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# Role of Oxidation/Reduction in Water Bodies

## To understand the changes in chemicals/nutrients, it is essential to know the

oxidation and reduction chemistry of species in the water bodies.

## Hg, HgCH 3 +, and Hg(CH 3 ) 2

Methyl Mercury (both forms) is much more toxic than mercury metal;

## Remember: Oxidation states

Hydrogen is always +1

Oxygen is always -2

## Look at Nitrogen, Sulfur, Carbon

N 2 , NH 3 , NO 3 -, NO 2 , NO, NO 2 -, H 2 S, S,

## Oxidation is defined as the loss of electrons

The hydrogen is defined to be zero and everything is relative to this standard.

The more positive the potential, the greater the tendency for the reaction to proceed as
written.

∆G0 = -nFE 0

## ∆G0 = -2.303 nRT pE

Since we do not know about ALL of the species present in any particular sample of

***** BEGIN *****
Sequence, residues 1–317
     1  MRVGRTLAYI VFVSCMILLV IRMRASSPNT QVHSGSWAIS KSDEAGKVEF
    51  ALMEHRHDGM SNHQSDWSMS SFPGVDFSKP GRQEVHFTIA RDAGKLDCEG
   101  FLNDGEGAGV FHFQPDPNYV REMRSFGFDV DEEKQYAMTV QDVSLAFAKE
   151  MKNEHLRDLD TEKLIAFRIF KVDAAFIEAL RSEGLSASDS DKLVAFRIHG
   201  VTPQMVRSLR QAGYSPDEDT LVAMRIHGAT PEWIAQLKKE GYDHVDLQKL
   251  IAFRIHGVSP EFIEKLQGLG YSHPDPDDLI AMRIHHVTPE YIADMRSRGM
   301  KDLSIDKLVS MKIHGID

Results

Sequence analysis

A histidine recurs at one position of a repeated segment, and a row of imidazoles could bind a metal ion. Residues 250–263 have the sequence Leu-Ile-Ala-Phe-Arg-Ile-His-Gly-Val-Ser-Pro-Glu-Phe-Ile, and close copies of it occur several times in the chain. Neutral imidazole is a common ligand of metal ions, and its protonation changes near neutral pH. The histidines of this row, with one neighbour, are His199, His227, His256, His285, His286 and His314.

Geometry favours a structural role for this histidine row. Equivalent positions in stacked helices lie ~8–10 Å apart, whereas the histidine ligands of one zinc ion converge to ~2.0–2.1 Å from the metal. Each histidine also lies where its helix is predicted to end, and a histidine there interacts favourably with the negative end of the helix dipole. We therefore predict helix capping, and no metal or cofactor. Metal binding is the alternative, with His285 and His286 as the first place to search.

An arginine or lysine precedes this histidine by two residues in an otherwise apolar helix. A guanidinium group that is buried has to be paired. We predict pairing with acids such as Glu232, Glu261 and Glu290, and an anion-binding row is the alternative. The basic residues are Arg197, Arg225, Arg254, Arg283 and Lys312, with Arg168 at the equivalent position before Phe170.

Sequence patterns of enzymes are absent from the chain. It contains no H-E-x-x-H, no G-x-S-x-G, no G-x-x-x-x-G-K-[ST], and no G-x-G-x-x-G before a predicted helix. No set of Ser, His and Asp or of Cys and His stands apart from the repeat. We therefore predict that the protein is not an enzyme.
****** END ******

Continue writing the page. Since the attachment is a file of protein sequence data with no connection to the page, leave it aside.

natural water, we can not write the arrive any balanced redox reaction that suppose to
occur.

pE = -log a e-

## According to the Nerst’s Equation:

Low pE is reducing

## Figure 1. Different Nitrogen in the Natural Environment

pE diagrams tell us the most thermodynamic stable form in certain water environments.

## The common forms of nitrogen in the aqueous environment are:

Transformations between these nitrogen oxidation states are managed by the
following equations:
Table 2. Apply this data to construct a pE/pH Diagram for Nitrogen (in water):

Boundry pH pE

O 2 /H 2 O 0 20.75

O 2 /H 2 O 10 10.75

H 2 /H 2 O 0 0

H 2 /H 2 O 10 -10

NO 3 -/NO 2 - 0 14.15

NO 3 -/NO 2 - 10 4.15

NO 3 -/NH 4 + 0 14.90

NO 3 -/NH 4 + 10 2.40

NO 2 -/NH 4 + 0 15.14

NO 2 -/NH 4 + 10 1.81
Figure 2. pE/pH Diagram for Nitrogen (N-O-H System)

## What about the presence of Carbon in aqueous system?

Figure 3. pH-pE Diagram for Nitrogen, Sulfur and Carbon